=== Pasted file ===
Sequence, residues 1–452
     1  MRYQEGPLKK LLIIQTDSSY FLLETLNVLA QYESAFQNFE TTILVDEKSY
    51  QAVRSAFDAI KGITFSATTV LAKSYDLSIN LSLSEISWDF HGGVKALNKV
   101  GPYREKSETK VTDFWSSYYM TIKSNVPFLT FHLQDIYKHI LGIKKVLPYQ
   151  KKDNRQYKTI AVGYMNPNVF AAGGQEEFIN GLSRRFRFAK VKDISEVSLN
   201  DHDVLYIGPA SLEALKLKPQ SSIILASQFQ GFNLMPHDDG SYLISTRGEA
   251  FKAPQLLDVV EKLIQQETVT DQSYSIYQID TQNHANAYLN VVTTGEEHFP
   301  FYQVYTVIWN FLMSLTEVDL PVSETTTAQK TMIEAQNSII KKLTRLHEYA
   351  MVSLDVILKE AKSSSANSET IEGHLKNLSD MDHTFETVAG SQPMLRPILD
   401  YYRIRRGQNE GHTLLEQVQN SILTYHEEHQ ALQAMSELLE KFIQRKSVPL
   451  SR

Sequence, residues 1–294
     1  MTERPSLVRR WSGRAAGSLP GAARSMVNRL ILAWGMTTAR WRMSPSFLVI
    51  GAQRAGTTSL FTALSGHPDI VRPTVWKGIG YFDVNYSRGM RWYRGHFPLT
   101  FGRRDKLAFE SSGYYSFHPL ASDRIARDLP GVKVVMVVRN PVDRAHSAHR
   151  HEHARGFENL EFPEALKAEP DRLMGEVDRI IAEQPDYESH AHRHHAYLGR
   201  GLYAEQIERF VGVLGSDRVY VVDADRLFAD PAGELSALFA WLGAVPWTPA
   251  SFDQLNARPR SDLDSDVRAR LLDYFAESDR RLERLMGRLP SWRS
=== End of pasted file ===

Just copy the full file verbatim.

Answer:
Sequence, residues 1–452
     1  MRYQEGPLKK LLIIQTDSSY FLLETLNVLA QYESAFQNFE TTILVDEKSY
    51  QAVRSAFDAI KGITFSATTV LAKSYDLSIN LSLSEISWDF HGGVKALNKV
   101  GPYREKSETK VTDFWSSYYM TIKSNVPFLT FHLQDIYKHI LGIKKVLPYQ
   151  KKDNRQYKTI AVGYMNPNVF AAGGQEEFIN GLSRRFRFAK VKDISEVSLN
   201  DHDVLYIGPA SLEALKLKPQ SSIILASQFQ GFNLMPHDDG SYLISTRGEA
   251  FKAPQLLDVV EKLIQQETVT DQSYSIYQID TQNHANAYLN VVTTGEEHFP
   301  FYQVYTVIWN FLMSLTEVDL PVSETTTAQK TMIEAQNSII KKLTRLHEYA
   351  MVSLDVILKE AKSSSANSET IEGHLKNLSD MDHTFETVAG SQPMLRPILD
   401  YYRIRRGQNE GHTLLEQVQN SILTYHEEHQ ALQAMSELLE KFIQRKSVPL
   451  SR

Sequence, residues 1–294
     1  MTERPSLVRR WSGRAAGSLP GAARSMVNRL ILAWGMTTAR WRMSPSFLVI
    51  GAQRAGTTSL FTALSGHPDI VRPTVWKGIG YFDVNYSRGM RWYRGHFPLT
   101  FGRRDKLAFE SSGYYSFHPL ASDRIARDLP GVKVVMVVRN PVDRAHSAHR
   151  HEHARGFENL EFPEALKAEP DRLMGEVDRI IAEQPDYESH AHRHHAYLGR
   201  GLYAEQIERF VGVLGSDRVY VVDADRLFAD PAGELSALFA WLGAVPWTPA
   251  SFDQLNARPR SDLDSDVRAR LLDYFAESDR RLERLMGRLP SWRS